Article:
By Nora Swidler
I belong to a generation of exaggerators. Okay, if I am going to be honest, I am a pretty pompous speaker myself. I am often the subject of mockery among my friends.
On a team trip to Costa Rica over the summer, my teammates and I were on a catamaran looking out on a beautiful island scene. I turned to a couple of my teammates and said, “The foliage is spectacular.” The two looked at each other, and one said to me in an exasperated voice while laughing, “The trees look nice, Nor.”
Even though I am quite bombastic, there has been a phenomenon with regards to exaggeration that I believe is growing. I am pretty sure that I have heard the word “literally” misused more times than any other. With more than 200,000 words in the English language, the naysayers would say, “Surely there is another word misused more frequently than ‘literally.” However, I am confident that it is literally the most misused word.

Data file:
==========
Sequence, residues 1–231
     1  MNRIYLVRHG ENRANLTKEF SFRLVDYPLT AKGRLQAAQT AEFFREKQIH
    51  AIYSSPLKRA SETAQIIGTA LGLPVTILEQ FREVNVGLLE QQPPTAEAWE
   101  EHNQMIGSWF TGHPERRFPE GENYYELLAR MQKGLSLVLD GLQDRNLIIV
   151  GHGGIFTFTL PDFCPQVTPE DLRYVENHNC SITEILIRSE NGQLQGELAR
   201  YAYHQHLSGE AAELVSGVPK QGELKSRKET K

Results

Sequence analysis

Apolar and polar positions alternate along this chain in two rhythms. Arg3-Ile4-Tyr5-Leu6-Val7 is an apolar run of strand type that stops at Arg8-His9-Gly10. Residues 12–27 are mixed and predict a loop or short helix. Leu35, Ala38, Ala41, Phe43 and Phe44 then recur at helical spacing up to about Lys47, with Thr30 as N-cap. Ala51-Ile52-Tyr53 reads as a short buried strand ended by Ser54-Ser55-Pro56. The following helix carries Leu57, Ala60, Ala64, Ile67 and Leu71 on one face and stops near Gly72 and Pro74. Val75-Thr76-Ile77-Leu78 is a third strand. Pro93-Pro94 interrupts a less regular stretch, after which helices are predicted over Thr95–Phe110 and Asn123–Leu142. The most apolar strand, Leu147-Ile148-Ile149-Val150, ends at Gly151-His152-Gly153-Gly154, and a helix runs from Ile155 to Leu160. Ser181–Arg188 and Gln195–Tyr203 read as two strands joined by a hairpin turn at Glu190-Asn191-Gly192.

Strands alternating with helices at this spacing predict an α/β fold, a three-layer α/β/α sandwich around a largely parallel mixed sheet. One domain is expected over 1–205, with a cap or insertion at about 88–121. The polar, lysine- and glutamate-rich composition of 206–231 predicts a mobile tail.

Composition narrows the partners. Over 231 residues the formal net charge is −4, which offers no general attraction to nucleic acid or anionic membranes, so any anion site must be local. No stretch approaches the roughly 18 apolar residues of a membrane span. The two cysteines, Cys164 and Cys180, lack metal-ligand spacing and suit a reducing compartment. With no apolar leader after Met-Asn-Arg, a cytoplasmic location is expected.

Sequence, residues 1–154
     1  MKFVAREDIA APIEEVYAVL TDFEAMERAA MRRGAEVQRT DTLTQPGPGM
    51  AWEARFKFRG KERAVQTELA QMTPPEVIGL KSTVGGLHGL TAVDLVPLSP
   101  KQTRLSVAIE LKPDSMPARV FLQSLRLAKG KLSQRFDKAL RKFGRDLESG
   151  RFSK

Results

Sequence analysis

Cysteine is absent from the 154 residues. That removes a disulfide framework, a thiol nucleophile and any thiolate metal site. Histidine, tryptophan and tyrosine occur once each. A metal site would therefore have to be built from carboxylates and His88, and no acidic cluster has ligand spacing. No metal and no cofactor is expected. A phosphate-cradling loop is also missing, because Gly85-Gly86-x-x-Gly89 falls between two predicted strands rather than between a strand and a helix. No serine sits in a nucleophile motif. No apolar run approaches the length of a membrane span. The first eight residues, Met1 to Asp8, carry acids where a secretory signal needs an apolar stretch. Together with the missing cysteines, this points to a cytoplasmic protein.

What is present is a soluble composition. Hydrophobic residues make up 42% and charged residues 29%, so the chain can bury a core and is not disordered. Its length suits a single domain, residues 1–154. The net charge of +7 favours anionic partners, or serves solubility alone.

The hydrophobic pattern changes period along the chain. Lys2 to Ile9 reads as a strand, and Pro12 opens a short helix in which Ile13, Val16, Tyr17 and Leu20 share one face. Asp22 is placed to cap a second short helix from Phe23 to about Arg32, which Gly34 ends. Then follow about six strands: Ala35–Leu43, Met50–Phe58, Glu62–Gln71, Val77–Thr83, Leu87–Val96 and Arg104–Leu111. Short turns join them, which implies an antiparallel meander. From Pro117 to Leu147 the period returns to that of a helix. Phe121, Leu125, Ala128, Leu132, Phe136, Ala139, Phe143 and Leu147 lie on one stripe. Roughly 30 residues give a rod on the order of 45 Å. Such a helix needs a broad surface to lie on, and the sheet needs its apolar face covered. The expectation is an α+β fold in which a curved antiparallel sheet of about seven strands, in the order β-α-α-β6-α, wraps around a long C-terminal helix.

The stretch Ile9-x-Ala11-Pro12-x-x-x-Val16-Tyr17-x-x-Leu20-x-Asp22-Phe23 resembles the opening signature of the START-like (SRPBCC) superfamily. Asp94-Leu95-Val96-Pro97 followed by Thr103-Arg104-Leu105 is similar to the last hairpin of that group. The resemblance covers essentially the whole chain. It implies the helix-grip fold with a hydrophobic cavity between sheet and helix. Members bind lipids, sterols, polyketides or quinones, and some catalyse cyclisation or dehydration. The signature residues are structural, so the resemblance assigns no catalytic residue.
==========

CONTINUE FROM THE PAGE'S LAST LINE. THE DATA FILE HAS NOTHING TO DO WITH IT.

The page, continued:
When a friend recounts the tale of a funny joke she heard, you hear her say, “and I literally died of laughter!” Umm, no. She did not literally die of laughter. She figuratively did.
When another friend says, “My arms literally fell off after lifting,” I happen to know that that is untrue because I see his arms right there attached to his shoulders.
As referenced on one of The Economist blog pages, it is possible that folks feel as though there is not a better intensifier for a statement other than “literally.” “Actually” does not sound as powerful. “Really” sounds flat-out weak in comparison. The consequence of this misuse is that “literally” now means “the opposite of literally” in colloquial contexts. I find it far more endearing than irritating when the word is used in the wrong context. I had to let out a chuckle when one of my friends said, “There is literally nothing worse than ice cream that is too frozen.” However, there are many things worse than too-frozen ice cream.